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Bowhead Whale Symposium Highlights Role of Genomics in Conservation

The secret to conserving some of the world’s largest creatures could be found in molecules too small to see. Genomic research is shedding new light on bowhead whale populations and migration patterns. These insights are helping the oil and gas community and native Alaska populations work together to make effective decisions that balance conservation, community and development needs. 

This past October, Battelle and the North Slope Borough of Alaska sponsored an industry meeting to examine these issues in depth. The conference brought together academics and researchers from across the country with representatives of the oil and gas industry, the North Slope Borough, the International Whaling Commission (IWC), and indigenous communities. The two-day symposium, held at Battelle’s headquarters in Columbus, OH, provided participants with opportunities to network and catch up on the latest developments in the field. 

Battelle scientists shared updates from their genomic research at the symposium. Additional sessions covered the biology of bowhead whales, an introduction to genomic research methods, and presentations on metagenomics, population genomics and mitochondrial genetics. Each day featured a special lunch presentation. On day one, Harry Brower Jr. of the North Slope Borough discussed the bowhead whale’s role and importance in native Eskimo culture. On day two, author Hans Thewissen shared research on whale evolution and fossil documentation from his latest book, The Walking Whales. The symposium wrapped up with a panel discussion summarizing lessons learned and next steps for the research community, IWC and North Slope Borough.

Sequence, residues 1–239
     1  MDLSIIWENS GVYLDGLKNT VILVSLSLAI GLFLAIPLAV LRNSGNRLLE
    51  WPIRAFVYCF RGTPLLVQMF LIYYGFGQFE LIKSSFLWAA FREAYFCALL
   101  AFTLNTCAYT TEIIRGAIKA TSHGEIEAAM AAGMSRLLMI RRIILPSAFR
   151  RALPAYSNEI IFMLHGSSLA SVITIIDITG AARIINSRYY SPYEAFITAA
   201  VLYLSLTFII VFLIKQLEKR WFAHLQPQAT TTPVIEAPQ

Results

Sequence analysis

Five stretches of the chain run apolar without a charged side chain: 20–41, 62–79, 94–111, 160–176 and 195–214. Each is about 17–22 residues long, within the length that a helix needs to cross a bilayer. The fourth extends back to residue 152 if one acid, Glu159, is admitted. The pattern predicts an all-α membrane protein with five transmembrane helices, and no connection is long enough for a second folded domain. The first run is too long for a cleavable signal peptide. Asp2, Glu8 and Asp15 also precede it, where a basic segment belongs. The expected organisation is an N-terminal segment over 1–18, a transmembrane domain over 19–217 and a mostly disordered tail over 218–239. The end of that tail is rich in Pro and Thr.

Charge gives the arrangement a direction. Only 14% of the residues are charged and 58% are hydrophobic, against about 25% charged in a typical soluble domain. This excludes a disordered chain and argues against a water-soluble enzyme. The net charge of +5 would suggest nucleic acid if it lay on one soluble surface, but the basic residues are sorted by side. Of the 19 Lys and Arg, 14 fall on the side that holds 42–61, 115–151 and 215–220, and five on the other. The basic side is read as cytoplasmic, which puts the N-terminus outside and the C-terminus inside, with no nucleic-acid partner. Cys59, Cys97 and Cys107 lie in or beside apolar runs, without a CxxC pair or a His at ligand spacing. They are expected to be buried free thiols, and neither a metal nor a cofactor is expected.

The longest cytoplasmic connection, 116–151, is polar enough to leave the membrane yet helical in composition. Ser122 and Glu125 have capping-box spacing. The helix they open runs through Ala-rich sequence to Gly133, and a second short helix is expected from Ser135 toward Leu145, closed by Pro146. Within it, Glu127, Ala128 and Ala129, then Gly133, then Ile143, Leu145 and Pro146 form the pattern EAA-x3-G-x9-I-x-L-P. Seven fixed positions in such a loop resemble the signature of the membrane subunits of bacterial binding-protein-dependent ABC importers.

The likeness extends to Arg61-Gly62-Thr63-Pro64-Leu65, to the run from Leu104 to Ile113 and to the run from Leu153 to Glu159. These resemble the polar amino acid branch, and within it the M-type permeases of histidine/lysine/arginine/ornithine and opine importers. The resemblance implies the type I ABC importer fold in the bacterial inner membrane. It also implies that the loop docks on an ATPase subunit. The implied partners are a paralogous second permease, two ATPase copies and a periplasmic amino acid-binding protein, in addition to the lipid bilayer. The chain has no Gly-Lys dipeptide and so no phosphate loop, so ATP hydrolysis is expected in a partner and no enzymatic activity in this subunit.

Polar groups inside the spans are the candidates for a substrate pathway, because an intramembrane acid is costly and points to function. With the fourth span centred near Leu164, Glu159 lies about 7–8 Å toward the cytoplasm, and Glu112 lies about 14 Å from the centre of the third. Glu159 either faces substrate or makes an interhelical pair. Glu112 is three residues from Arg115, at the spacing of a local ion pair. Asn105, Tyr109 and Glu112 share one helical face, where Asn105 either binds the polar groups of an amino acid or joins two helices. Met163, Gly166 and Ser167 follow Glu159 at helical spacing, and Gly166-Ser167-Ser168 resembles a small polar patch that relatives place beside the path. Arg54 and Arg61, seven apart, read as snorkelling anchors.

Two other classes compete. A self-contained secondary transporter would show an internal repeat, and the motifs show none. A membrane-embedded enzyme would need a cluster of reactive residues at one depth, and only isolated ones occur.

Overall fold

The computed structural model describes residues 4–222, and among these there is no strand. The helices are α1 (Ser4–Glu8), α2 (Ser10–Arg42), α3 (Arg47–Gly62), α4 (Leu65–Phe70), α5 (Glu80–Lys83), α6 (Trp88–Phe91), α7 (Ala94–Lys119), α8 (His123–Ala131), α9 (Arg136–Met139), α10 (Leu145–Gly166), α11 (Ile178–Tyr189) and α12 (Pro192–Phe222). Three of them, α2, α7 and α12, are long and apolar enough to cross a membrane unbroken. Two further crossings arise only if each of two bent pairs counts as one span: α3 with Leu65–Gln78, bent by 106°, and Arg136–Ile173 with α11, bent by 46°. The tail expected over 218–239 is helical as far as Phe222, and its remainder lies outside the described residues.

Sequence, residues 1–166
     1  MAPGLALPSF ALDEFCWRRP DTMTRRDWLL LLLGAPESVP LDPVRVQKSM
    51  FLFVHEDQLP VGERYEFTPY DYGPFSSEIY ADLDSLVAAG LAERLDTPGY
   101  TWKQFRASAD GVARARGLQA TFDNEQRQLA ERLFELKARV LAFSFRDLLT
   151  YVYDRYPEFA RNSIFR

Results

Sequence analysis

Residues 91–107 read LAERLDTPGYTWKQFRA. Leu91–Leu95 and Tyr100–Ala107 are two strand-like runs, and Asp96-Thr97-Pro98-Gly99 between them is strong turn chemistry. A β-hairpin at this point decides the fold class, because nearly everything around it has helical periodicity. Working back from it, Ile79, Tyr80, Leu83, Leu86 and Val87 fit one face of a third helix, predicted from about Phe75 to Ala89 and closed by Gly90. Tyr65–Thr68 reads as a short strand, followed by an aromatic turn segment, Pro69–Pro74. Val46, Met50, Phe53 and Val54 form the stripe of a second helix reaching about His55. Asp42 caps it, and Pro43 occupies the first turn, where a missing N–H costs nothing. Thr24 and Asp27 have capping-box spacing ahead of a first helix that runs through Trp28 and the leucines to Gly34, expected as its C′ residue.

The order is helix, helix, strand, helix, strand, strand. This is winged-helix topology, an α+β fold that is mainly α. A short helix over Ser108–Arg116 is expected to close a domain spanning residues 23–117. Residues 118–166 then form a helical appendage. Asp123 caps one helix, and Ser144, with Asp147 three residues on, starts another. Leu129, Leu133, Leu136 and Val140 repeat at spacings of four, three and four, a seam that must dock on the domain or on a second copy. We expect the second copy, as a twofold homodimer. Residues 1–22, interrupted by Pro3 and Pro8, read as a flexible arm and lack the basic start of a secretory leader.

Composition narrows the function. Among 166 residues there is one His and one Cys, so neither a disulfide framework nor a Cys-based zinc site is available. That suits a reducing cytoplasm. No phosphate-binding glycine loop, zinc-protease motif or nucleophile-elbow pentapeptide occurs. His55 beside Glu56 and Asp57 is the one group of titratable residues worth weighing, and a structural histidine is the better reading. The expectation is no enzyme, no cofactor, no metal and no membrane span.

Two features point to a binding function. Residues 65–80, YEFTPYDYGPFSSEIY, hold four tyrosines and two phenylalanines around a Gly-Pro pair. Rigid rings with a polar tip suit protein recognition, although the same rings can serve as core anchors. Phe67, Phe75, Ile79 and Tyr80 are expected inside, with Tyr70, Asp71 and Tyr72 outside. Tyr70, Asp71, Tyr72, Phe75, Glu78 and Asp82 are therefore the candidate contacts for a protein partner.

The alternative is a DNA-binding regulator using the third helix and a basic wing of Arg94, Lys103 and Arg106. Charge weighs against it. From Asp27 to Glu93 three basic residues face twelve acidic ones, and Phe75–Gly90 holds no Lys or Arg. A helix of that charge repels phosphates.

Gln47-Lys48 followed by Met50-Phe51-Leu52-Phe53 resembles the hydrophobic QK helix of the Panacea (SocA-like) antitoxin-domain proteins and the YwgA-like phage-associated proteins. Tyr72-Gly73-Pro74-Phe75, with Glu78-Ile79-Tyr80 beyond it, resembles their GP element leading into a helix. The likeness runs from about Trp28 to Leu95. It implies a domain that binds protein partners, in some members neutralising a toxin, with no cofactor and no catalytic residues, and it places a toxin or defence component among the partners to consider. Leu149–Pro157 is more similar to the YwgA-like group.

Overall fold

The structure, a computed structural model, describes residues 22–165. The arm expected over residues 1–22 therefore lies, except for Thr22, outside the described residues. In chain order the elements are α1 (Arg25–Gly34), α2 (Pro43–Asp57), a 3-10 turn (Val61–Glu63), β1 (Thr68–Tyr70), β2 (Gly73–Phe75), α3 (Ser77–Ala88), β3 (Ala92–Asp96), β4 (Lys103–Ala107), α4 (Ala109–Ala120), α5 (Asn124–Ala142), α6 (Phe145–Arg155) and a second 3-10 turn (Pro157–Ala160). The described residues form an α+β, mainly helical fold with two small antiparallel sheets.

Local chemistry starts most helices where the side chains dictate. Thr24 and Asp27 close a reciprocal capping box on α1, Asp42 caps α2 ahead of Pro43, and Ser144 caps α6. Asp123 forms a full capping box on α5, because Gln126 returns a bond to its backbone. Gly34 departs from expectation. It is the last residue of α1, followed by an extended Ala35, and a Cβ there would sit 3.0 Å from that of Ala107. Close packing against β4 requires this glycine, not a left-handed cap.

Bowhead whales are important to native Alaskan Eskimo communities for both subsistence and ceremonial purposes. They are also protected by national and international conservation laws. Oil nd gas developers operating in the Beaufort and Chukchi Seas must understand bowhead whale populations and migration patterns so that their activities do not negatively impact either whale populations or the Eskimo hunts, both of which are protected by the Marine Mammal Protection Act. 

Genomic research conducted by Battelle on behalf of IWC, the North Slope Borough and the Alaska Eskimo Whaling Commission has helped scientists answer important questions about the size and diversity of the bowhead whale population. Genomics also provides insights into whale evolution, population dynamics, movement patterns and the spread of diseases in populations. The research helps scientists better understand the vulnerabilities of specific bowhead populations and of the species as a whole. 

The IWC uses this research to set hunting quotas for Eskimo communities. It is also used to help the oil and gas community understand the risks of different activities and make better decisions to balance conservation and development priorities. The symposium brought stakeholders together to further define the role of genomics in environmental monitoring and conservation. 

Battelle is continuing work with the IWC and North Slope Borough to understand and monitor bowhead whale populations over time. Similar work is now underway with gray whales in the Northern Pacific.